This morning I watched with wet eyes as my youngest son Joseph was baptized by my wife, Pastor Gail Song Bantum. It was emotional on a number of levels. He is our youngest and last to be baptized. His baptism reminds me of the baptisms of his older brothers and how much has changed since their bodies were submerged into waters of death and life. I have been blessed to see all of my children grow into a knowledge of Jesus and a desire to walk with him in their lives. None of us are perfect, but we are all seeking to live into his image day by day.
Joseph’s baptism was just as special but also somewhat different because of the sheer excitement he had for this day. Having watched his older brothers and others be baptized, he has been literally counting down the days, confirming the details of where he would stand and what he would say. His exuberance for this moment has been a joy and a blessing to my own walk.
And as it is with every child, Joseph entered into those waters with his own story. In fact, his baptism was perhaps different than most because he was baptized with goggles on. And not just your little “Michel Phelps-speedo-olympic-racing-goggles” but the “snorkling-looking-for-exotic-fish-goggles.”
In talking with him in the last year about baptism and about his readiness for this part of his walk with God, he was always excited, but scared. He didn’t want to get his face wet and he was especially scared of getting water in his eyes and his nose. “Maybe we should just wait” my wife and I thought, “until he can do it without the goggles…”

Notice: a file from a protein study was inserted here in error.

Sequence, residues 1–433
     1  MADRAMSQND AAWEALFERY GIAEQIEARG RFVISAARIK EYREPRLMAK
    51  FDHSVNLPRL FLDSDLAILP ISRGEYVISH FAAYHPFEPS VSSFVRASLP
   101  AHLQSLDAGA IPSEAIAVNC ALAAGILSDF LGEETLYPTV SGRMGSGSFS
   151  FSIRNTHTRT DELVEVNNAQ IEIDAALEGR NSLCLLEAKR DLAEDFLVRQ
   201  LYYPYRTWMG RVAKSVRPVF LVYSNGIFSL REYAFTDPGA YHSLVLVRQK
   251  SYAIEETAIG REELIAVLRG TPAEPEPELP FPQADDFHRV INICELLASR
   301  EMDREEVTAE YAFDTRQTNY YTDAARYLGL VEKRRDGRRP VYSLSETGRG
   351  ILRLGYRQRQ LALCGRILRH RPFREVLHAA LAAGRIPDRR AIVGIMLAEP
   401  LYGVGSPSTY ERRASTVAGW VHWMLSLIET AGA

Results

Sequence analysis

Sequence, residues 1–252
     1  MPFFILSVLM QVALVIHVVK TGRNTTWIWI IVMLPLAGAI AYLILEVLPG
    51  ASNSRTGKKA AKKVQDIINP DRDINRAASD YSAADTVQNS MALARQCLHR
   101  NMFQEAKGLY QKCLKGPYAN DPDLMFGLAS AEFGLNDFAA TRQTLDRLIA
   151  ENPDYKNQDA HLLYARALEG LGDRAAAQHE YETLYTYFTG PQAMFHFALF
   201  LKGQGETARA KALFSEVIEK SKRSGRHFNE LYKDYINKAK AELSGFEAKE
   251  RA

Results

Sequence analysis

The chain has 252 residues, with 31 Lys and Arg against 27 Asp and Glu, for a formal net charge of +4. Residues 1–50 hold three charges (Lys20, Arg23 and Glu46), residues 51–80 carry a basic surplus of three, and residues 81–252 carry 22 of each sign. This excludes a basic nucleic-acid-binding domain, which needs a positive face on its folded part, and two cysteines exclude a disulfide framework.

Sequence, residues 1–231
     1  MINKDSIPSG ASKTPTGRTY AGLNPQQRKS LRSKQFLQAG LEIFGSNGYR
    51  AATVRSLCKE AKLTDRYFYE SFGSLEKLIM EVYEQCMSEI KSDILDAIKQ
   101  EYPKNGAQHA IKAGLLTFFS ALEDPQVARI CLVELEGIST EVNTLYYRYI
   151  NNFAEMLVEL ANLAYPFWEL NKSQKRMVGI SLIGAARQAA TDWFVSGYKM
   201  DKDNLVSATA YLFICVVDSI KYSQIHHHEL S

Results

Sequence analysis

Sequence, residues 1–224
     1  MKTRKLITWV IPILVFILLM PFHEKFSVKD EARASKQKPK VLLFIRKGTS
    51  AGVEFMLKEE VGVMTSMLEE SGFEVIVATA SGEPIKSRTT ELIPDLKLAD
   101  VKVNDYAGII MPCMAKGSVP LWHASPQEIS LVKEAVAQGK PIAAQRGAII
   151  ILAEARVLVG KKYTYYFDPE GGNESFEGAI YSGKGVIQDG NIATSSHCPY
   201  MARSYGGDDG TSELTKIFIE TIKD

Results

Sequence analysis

But that day did not seem to be coming and it was becoming increasingly clear that he was ready for this step in his life. So we said, “You wanna wear goggles for baptism? You can wear goggles for your baptism!”
He appeared to the church to the amusement of all with giggles and cheers. But in some ways I was deeply struck by the symbolism of my goggle-wearing son on his baptism day.
So many of us are waiting for the perfect set of circumstances before we give ourselves up to the death and life Christ makes possible for us. Sometimes we want complete the work ourselves on the front end to die to our fears and die to our transgressions or just die to the embarrassment of being the center of attention.
But here was my son, submerging his fears along with his faith. He was still afraid of the water, not sure of what was going to come but in his nasally proclamation of faith beneath his full-faced goggles he was also professing that a life of following is not the presentation of a perfectly disciplined life put on display for all to see. Rather, our life of following is a profession of the fears we struggle with and willfully submerge into the waters of Christ’s life and death for us.
My prayer for Joseph is that someday he will not be afraid of getting his face wet. And I am sure he will soon enough. I am sure that his life will slowly conform to the image of Christ whom he loves and adores. But I also hope that he continues to faithfully confess his weaknesses and submit them to Jesus. In doing so today, he preached to me and reminded me that it is not the perfections of my life that God desires, but the continual truthfulness of my confession. God will do the rest.